Most would assume that Sister Aloysius, who is the principal, would have the most power. However, due to gender roles within the church, it’s obvious that Father Flynn possesses more power just because he’s a priest. After finding out what he’s being accused of, Father Flynn seems to be relatively respectful on the surface. However, after more examination, it’s blatantly obvious that he’s manipulative and has zero respect for Sister Aloysius and Sister James. Throughout the entire play, Flynn believes that he is infallible and has the upper hand over the two sisters. He thinks that since he is a member of the old boys club (No offense Father), literally and figuratively, he can get away with whatever he wants and will be safe because no one would take a nun’s word over his.
In the case of Sister James, she is still naïve and almost has a sense of hero worship of Flynn. When Flynn provides a mediocre explanation for Donald having alcohol on his breath, Sister James jumps at the opportunity to absolve (pun not intended) Flynn of all blame. She continues to search for any excuse that she can find to convince herself that Flynn didn’t do this, including saying that the accusations were a mistake and Sister Aloysius was too old-fashioned, so she is automatically distrustful of people. Flynn’s continued manipulation of Sister James illustrates the stereotypical power dynamic between priests and nuns, where priests have more power of the sisters and the sisters are submissive to whatever the priests say.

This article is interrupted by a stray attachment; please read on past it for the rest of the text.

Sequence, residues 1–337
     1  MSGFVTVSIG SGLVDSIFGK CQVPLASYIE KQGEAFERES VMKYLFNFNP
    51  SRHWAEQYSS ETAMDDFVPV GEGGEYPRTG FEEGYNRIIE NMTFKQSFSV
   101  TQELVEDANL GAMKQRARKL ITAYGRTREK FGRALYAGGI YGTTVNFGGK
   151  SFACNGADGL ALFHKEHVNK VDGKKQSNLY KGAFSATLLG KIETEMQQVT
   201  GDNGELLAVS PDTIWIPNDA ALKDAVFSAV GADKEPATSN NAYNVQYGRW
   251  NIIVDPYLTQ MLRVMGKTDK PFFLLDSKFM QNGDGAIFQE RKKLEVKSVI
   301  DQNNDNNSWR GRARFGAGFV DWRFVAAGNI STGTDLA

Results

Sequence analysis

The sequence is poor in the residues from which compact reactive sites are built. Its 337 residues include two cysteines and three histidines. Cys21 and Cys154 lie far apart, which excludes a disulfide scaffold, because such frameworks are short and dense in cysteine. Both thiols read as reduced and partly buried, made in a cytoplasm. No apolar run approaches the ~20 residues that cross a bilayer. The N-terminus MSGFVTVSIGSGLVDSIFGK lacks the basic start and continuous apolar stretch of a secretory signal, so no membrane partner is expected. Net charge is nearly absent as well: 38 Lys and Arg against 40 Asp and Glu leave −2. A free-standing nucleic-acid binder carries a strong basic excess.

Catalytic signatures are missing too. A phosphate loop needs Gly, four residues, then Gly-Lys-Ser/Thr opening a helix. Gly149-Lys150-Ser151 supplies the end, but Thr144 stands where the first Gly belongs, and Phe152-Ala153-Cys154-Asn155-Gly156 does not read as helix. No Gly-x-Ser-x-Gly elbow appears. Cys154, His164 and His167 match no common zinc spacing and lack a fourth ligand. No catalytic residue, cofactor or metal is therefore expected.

In contrast, Sister Aloysius challenges every aspect of that stereotypical power dynamic. She challenges that power dynamic by not backing down from Flynn and challenging his perceived authority. At the end of Scene VIII, Sister Aloysius and Father Flynn have a very confrontational discussion, with Father Flynn absolutely losing his mind. Sister Aloysius keeps an even head and possesses all the power in the situation. She’s calm and, at least in my reading of the play, never raises her voice. The power dynamic is completely flipped, something that is unique for a priest to experience, especially during that time period.
During that time, nuns were seen as teachers and nurses, or seemingly typical female jobs. They weren’t doctors, lawyers or advocates as they are now. This is why the power dynamic between Aloysius and Flynn is so revolutionary. Looking at today’s world, nuns are facing a lot of scrutiny for challenging the patriarchal structure of the church. Whether that is women becoming priests or nuns having an expanded role, I believe there are some men within the church that feel threatened by sisters. They believe that their power could be taken away from them or diminished significantly, just as Flynn did with Sister Aloysius. Check out this 60 Minutes piece on nuns today. It’s pretty fascinating to look at the problems that they face.
For some of them, they face the same problems that Sister Aloysius faced. And they probably would have done the exact same thing that she did.